When we got back John dove the bottom of the boat and cleaned the prop. He said the bottom of the boat still looked great.
Wednesday June 13th we departed around 0640 and headed for Great Sale Cay. This was the last of our internet and phone service until we get back.
We put our fishing line out and also our hand line with a new lure. A fish hit our fishing pole and before we could stop the line the fish got all our line again. The hand line lure broke off and we must have had a big fish. John put a new lure on our fishing pole and this time we caught a 12’ Baracuda. We finally got him off our line and decided we just weren’t great at fishing so we gave it up.
John got a weather report and we had two choices. 1} to keep going all night and stay ahead of the weather system approaching or 2} stop at Great Sale and hang out for who knows how many days before we would get another weather window to make the crossing from the Bahamas to Florida through the Gulf Stream, which at times can get real ugly. We opted for plan #1 and just kept going. It was a good choice because later the next week people were still stranded in the Bahamas because of the weather.
We did one SPOT, (Satellite GPS Messenger) at 1800. After dark the ocean got like a washing machine. We must have had 3’ to 4’ waves breaking over the port side, but for once, none got us wet in the cockpit. We did another SPOT at 1200 and one at 0600 to let our sons and Carol’s brother know our position via an e-mail that is sent to them. We had talked to them before we left Green Turtle Cay so they knew we were on our way and would be out of internet and phone service for a few days. By 0700 the seas were finally starting to lay down and it started to be an enjoyable sail. At 0800 we were 22nm from Ft Pierce, Florida. When we were 8 miles out we were able to get phone service so we called both our sons, John & Steve and told them where we were. They said they had been up most of the night getting our SPOT reports to make sure we were O.K. We came through the inlet around 1100 with an easy passage through.
We tried to call the customs agent to let them know we were back but they said to give them a call when we got to a marina. They would not let us check in if we were going to anchor out. We had no option but to go to a marina.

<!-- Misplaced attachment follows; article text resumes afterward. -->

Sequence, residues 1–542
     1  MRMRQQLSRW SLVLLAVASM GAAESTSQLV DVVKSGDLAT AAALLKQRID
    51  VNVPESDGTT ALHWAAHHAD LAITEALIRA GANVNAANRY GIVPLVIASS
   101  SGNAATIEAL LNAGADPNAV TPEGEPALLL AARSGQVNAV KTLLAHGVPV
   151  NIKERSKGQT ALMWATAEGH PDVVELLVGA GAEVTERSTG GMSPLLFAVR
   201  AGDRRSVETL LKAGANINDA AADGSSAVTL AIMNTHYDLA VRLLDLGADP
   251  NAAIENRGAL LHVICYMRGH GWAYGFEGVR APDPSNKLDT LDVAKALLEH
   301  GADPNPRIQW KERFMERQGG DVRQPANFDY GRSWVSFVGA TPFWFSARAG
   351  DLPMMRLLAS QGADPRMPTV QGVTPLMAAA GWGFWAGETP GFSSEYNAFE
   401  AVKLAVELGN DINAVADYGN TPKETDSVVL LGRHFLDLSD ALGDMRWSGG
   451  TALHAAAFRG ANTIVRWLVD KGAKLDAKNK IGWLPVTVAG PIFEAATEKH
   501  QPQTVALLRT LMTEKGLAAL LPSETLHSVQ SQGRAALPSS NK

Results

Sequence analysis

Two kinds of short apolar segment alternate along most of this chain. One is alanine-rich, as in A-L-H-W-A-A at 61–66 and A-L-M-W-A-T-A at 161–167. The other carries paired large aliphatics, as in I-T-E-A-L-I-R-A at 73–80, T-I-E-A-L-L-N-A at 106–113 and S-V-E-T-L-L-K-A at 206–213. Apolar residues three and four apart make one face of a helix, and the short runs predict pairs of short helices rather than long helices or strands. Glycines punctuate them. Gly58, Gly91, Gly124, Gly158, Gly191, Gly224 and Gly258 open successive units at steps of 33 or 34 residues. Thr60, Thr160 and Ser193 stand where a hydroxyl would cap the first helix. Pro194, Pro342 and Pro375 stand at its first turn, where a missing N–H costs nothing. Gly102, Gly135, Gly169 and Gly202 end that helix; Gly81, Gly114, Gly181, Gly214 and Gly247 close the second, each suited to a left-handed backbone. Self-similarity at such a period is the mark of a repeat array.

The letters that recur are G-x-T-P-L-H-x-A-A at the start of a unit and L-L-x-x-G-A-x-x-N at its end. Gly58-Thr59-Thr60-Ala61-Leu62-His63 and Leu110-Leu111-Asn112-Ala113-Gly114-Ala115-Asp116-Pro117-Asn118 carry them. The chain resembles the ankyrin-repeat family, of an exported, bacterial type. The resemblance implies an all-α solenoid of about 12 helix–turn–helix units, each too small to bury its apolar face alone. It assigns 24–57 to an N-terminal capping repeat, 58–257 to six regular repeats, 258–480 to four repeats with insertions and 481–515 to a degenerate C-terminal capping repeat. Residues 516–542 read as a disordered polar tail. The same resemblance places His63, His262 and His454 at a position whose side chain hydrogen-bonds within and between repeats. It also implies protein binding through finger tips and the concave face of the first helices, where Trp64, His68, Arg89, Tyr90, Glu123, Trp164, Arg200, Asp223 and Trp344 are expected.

Outside Vero Beach it started raining and started making the trip miserable for awhile. The intercoastal didn’t look the same since most of the mangroves were gone. Now we just saw water everwhere but we definitely needed a chart to tell us where we were. There certaintly wasn’t any money problems here for we saw very large new homes just built or in the process of being built.You definetly had to stay in the channel or I’m sure we would be hard aground, especialy since our boat has a 6’ draft.
When we got close to Melbourne our son John called and said he was going to watch us go under the Melbourne Causeway bridge and to be out on deck because he was going to take some pictures of us coming under the bridge. He was at the Eau Gallie Yacht Basin when we got there to help us get into the slip. What a disaster that turned out to be. The wind had picked up and John was trying to back in and each time he tried the wind caught the bow and swung it around. Another fellow came by around that time when he saw the problems we were having. After about 5 to 6 atempts, John finally made it in by throwing lines to our son John and the other fellow from the marina. They had to literlly pull us in. It’s amazing we didn’t hit any boats on the way in.
Nice Boat but definetly not the clean waters of the Caribbean
So now ends our four-year adventure and for those of you who have followed us along our journey, I hope the articles and pictures kept you informed and interested and wanting to hear more about the many trials and tribulations that happened along the way. Also thanks to the many friends we made along the way that helped make our trip one to remember for a long time to come.
John & Carol from the S/V Sweet Caroline